Restraining State Spending through Governance Reform

Fiscal policy is on an unsustainable path at all levels of government. While reformers should look for ways to reduce spending on particular budget items, tomorrow’s legislatures may easily reverse these cuts, argue Matthew Mitchell and Nick Tuszynski with George Mason University’s Mercatus Center. By contrast, they write, “a change in the rules that govern the political process—the ‘institutions’ that shape a budget—can have a lasting effect on spending for years to come.”

In a new paper, “Institutions and State Spending: An Overview,” the two scholars survey the literature to ascertain which institutional characteristics of state governance are associated with the lowest rates of spending growth. The clear winners: (1) separate spending and tax committees in the state legislature and (2) item reduction vetoes. Other commonly touted measures such as line-item vetoes and tax-and-expenditure (TEL) limits do have an effect but that effect is modest.

In 2008, state and local expenditures per capita averaged $5,708 across the country. States that embraced the institutions of governance listed above enjoyed lower per capita spending by the stated amounts. (Click on chart for more legible image.)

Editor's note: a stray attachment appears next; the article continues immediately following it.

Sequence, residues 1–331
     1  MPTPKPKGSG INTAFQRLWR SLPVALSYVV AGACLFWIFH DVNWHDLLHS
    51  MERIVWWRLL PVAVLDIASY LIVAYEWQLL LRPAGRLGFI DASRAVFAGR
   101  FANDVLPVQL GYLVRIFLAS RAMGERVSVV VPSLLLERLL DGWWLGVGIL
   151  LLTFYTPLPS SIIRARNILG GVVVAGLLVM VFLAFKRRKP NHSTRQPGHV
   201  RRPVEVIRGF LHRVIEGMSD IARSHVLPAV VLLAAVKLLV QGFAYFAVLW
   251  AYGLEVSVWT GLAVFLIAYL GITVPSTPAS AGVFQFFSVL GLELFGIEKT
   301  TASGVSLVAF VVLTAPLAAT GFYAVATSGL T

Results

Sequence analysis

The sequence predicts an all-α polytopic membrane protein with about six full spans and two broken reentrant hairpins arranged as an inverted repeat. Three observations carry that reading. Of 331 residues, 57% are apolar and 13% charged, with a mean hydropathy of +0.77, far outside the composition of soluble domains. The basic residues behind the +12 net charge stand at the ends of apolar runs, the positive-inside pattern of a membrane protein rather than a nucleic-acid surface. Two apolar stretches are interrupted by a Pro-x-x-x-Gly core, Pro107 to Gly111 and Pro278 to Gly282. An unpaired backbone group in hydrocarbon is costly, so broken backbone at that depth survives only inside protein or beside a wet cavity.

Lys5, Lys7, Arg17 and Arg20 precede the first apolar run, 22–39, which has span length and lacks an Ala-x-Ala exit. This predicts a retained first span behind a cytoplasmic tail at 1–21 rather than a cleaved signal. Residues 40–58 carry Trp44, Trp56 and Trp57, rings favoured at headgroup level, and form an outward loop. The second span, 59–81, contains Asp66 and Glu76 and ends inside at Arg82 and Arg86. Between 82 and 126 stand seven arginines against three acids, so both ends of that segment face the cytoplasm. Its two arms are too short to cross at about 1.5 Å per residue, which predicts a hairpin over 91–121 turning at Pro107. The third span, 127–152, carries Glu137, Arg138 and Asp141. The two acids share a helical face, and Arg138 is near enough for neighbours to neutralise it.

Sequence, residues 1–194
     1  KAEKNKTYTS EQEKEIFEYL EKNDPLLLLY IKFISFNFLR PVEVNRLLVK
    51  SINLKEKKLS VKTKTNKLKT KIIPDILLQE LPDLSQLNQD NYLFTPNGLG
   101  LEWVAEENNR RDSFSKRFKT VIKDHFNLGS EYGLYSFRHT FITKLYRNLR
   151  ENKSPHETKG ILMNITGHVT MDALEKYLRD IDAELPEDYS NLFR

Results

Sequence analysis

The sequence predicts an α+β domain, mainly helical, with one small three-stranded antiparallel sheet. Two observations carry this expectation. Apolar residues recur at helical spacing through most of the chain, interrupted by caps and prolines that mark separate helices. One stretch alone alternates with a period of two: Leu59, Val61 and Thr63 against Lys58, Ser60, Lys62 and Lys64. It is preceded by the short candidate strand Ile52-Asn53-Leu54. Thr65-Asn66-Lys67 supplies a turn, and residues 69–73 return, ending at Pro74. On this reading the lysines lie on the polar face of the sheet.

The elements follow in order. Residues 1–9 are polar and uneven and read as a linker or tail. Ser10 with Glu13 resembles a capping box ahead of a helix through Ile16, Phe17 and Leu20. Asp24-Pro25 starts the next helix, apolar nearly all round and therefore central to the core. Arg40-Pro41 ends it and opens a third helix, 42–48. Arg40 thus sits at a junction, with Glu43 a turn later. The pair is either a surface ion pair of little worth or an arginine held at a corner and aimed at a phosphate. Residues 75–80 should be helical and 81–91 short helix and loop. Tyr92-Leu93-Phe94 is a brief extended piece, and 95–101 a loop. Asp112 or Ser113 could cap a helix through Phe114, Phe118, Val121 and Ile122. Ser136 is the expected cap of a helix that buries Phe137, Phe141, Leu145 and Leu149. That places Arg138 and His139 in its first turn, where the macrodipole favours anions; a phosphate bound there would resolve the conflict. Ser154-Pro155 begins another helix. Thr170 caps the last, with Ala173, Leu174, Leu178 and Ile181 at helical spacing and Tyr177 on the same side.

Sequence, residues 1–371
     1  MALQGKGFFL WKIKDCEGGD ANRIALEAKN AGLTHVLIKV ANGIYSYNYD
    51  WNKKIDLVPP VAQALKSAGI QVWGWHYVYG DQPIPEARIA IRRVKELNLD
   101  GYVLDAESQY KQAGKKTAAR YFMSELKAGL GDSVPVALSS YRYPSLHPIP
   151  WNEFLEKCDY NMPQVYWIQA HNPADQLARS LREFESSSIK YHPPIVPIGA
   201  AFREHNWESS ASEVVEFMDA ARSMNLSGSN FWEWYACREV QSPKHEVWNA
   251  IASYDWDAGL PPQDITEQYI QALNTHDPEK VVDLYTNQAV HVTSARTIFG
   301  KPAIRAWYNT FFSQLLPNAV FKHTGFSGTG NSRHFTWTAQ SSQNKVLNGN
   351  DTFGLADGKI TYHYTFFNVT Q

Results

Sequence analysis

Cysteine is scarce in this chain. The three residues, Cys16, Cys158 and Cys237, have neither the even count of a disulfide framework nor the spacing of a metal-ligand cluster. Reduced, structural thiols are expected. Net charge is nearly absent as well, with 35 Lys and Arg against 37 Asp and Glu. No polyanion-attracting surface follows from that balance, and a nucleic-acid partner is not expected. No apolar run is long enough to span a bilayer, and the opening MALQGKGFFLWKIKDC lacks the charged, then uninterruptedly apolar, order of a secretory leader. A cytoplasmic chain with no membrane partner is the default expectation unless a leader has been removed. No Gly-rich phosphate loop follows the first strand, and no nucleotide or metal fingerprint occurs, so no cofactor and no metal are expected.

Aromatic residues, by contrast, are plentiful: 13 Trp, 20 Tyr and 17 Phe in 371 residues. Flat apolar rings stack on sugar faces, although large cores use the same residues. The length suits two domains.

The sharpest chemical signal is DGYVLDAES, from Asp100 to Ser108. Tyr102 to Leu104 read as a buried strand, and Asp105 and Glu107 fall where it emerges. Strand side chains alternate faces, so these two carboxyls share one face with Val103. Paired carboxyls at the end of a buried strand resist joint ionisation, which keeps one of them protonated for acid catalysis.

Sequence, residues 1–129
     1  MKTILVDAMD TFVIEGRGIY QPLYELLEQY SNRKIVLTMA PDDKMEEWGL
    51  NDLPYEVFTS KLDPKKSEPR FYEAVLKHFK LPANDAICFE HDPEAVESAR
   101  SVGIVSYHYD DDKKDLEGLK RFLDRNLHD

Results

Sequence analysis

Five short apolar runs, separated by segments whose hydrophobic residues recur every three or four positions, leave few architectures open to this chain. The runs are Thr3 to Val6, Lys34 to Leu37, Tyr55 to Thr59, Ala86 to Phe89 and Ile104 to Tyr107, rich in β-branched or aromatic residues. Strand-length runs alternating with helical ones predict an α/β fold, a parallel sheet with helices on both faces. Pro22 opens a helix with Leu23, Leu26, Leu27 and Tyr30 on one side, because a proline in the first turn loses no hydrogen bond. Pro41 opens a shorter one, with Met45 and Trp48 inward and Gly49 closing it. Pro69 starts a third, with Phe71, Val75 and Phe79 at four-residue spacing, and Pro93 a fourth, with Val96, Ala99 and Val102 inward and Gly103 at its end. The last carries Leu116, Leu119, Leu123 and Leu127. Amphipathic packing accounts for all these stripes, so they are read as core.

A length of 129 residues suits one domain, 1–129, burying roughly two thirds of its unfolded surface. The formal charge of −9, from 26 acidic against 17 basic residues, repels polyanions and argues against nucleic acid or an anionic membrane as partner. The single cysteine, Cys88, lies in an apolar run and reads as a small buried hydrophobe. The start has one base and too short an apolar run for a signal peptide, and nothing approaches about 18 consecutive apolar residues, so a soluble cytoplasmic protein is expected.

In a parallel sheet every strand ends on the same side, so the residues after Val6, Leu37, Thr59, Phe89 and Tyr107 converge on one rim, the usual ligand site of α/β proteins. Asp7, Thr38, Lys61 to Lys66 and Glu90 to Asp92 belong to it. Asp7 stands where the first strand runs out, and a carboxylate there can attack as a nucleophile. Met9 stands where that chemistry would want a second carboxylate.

If only Mitchell and Tuszynski would tell us which institutions are in effect in Virginia, we’d know where to get started!


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One response to “Restraining State Spending through Governance Reform”

  1. ha ha ha… lordy… these guys have a PREMISE but where is the DATA?

    how do the states rank? which states do better and by how much?

    now.. I’m waiting for the other shoe to drop here… where we find out that these guys are really associated with the Heritage or Cato folks…

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